Holocaust Survivor Urged Former Guard in Auschwitz to Admit He is an Accomplice for the killings
Feb 15, 2016 08:08 AM EST
A former guard in Auschwitz Concentration camp was accused of being an accomplice over the mass murders during the Holocaust. The court trial was held in Germany on Thursday. One of the survivors urges him to confess the truth regarding the killings at the said Nazi Death camp.
The former death camp guard, Reinhold Hanning, 94 years old appeared in a court in Detmold, the Guardian reported. An Auschwitz former prisoner and survivor, Leon Schwarzbaum, 94 told the jurors about his time during the Nazi death camp and became emotional as he delivered his plea.
"Mr Hanning, we are virtually the same age and soon we will face our final judge. I would like to ask you to tell the historical truth here, just as I am. Tell the truth about what you and your colleagues did," Schwarzbaum said. Hanning is charge of complicity in the mass murder of 170,000 Holocaust victims during the Second World War, Independent reported. He worked as an Auschwitz guard in the camp's "Death's Head" SS division between January 1943 to June 1944.
Plaintiffs who filed the case against Hanning include Schwarzbaum along with more than 40 Holocaust survivors. According to Schwarzbaum, he recalled a 17 year old Jewish girl who was shot at Auschwitz,. He also remembered witnessing a lorry full of naked Jews screaming as they were driven to gas chambers.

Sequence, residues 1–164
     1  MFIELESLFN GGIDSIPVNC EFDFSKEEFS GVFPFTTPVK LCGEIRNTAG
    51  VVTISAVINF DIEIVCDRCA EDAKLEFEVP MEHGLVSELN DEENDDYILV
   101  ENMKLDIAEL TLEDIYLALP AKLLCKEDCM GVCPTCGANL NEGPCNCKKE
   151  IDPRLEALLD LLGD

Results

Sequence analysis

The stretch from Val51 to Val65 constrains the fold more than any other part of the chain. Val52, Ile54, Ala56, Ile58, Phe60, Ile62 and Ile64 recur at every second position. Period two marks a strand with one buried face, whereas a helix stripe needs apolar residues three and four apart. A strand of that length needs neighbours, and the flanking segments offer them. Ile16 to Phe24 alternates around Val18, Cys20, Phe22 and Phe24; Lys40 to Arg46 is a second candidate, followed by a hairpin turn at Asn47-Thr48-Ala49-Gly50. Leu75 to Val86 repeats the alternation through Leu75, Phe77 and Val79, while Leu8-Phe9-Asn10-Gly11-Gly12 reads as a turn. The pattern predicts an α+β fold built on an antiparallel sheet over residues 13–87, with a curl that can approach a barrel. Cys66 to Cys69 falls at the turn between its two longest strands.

Hanning admitted he served under the SS at the said death camp. But he insisted that he was not involved on the mass killings inside the concentration camp. Prosecutors also argued that the fact that he was a guard during at the death camp, he is also facilitated the mass murders.
Given the age of the accused, trials are delayed due to lengthy procedures to determine whether they are fit to be in court. Hearings are also restricted to two hours per day. But Nazi hunter Efraim Zuroff, responsible for war crime investigations at the Simon Wiesenthal Center, said age should not be viewed as an obstacle to prosecution.